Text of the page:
Personally, in my own DNF at the Grand Traverse Ski Race, I had the added guilt of causing my race partner, a person I deeply respected, to DNF as well. This took me a long time to mentally recover from, as there was a array of negative emotions that I had to navigate. This took time and acceptance. Often, the athlete who drops from a race feels as though they have to “put on a brave face,” and push pass their emotions in order to seem supportive to their fellow competitors. While it is important to remain gracious and a “good sport,” it is also important to remember that your emotions are valid and deserve recognition.

Take time to let yourself feel ALL of your emotions. Be kind to yourself, treat yourself the same way you would have had you finished the race under your goal time. You were successful in training and made smart decisions during the race. Do not pull away from negative emotions, but rather acknowledge them, put a name and reason to them, and move past them rather than allowing yourself to drown in regret.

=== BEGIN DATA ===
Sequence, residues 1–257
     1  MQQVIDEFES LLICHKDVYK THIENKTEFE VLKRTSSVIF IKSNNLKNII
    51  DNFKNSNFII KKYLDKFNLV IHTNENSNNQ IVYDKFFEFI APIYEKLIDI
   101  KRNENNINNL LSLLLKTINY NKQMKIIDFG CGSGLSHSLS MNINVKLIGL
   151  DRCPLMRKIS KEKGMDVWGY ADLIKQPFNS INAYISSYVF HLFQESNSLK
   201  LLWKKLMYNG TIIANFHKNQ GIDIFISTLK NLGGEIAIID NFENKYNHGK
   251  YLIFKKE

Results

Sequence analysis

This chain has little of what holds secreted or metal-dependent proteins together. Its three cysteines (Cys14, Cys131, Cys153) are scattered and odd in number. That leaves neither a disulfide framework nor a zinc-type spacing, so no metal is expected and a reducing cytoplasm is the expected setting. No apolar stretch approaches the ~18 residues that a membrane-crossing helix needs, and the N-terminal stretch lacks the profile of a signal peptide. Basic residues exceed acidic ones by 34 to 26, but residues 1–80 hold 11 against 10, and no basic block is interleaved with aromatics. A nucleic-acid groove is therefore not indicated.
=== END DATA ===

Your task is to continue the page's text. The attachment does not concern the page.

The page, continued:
Own your Decision

One of the most amazing, and awful, aspects of racing long distance is that there is so much out of the control of the athlete. As a competitor, you can have all of your gear ready to go, put in the appropriate work to finish strong, and have your nutrition dialed in; but when it is all said and done, even the best runners can fall victim to elements out of their control.  When you spend hundreds of hours training while preparing for a race, you start to get a pretty good understanding of your body. Most athletes can tell the difference between what injuries and illnesses are in their head, and what are actual issues; they know what they need in order to be successful and when they are too far gone to finish in a healthy state. Almost every athlete signs up for a race with the intention of doing their best and finishing; but things do not always go according to plan.